Wetlands photographed from Mt Ninderry - Lot 4 on left, newly drained Lot 3 on right
In one encouraging development in an otherwise bleak picture, the landholders of Lot 3 have indicated a willingness to discuss the long-term future of the area, and as the drainage works undertaken recently on their behalf by the sugarcane farmers are reversible, it is worth considering. The landholders have suggested a mixed development of wetlands protection, farming and ecotourism. The idea has merit, although the viability of any such scheme would be greatly enhanced by the inclusion of - or at least access to - Lot 4, which contains the most significant wetland habitat.

The owners of Lot 4 have declined to discuss the matter. The address of the family trust that owns the property is the same as the office of Vantage Building Group, a big Sunshine Coast property development company. The degree of co-operation between the owners of Lots 3 and 4 is uncertain; the two properties are presently being patrolled jointly by men riding quad-bikes to deter trespassers.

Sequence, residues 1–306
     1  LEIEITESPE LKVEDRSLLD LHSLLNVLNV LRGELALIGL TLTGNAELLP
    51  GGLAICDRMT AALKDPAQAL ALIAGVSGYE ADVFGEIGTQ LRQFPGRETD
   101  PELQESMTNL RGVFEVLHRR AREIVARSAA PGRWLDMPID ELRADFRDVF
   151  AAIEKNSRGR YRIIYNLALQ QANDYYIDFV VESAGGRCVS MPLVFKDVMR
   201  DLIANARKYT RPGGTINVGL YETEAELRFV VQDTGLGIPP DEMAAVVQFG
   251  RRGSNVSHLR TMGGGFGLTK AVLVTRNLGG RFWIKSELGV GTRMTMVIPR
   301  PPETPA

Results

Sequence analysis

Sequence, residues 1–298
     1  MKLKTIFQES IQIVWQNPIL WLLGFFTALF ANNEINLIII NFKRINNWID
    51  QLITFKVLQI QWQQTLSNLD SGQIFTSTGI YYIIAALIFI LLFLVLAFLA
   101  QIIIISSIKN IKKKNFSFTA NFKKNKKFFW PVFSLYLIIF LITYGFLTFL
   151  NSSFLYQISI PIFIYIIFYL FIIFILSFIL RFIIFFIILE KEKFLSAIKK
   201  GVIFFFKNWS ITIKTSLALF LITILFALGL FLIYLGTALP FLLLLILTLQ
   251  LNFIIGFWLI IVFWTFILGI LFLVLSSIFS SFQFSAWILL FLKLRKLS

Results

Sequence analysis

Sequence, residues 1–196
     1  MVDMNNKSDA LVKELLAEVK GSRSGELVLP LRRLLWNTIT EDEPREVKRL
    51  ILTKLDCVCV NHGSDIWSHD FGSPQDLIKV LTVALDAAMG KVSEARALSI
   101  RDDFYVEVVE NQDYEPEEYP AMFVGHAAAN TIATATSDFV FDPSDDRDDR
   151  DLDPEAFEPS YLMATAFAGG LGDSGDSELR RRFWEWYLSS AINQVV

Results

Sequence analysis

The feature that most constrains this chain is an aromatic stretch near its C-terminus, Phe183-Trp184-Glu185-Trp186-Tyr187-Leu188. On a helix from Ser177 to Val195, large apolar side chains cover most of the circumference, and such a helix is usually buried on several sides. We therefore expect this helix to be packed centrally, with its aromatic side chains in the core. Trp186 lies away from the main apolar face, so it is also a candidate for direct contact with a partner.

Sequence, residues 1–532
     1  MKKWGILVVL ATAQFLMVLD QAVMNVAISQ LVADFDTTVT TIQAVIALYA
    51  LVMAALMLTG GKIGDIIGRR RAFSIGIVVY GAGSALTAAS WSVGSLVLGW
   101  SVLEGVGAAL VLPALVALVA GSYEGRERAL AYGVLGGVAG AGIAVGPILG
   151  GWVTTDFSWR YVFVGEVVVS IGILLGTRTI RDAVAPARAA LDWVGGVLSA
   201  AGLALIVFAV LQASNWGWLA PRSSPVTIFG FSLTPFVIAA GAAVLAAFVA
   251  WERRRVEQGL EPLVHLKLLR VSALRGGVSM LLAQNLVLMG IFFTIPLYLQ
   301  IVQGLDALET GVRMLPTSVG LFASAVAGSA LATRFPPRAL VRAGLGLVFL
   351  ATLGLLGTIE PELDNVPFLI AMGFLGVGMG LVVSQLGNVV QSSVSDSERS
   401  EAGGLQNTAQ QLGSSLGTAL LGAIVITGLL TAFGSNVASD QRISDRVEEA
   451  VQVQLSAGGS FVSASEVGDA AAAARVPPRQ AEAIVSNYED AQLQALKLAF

Yandina Creek Wetlands 
Images of the wetlands taken from nearby Mt Ninderry reveal the impressive extent of the habitat. Though several kilometres distant, extensive areas of open water and swampland are clearly visible against the backdrop of the coast and Mt Coolum. The water in these images, taken this week, is largely on Lot 4. The water in Lot 3, immediately to the east, appears from the images to have already been drained; access to Lot 3 is not allowed so it is is not possible to know for certain.

Where to next? It is worth pursuing the idea of the Lot 3 landholders in the absence of anything else on the table, though the attitude of the council, and of the Lot 4 owners, needs to be determined. The council has been asked to clarify its position, while efforts to connect with the Lot 4 owners continue.

At the same time, pressure needs to be increased on the federal and state governments to come up with the goods and provide funding to the council so that it can acquire the area. The Queensland Environment Minister, Steven Miles, is set to visit the Yandina Creek Wetlands soon. The minister told Peter Wellington, the local MP and parliamentary Speaker, that he was interested in the wetlands. But at the same time, his department was telling the media that the wetlands are only of "local" importance because they are "highly modified". These assertions are as misplaced as they are irrelevant. Wetlands around the world are being created artificially because there is precious little of them remaining in a natural state. Moreover, the conversion of fallow caneland at Yandina Creek has re-established a habitat that was there naturally.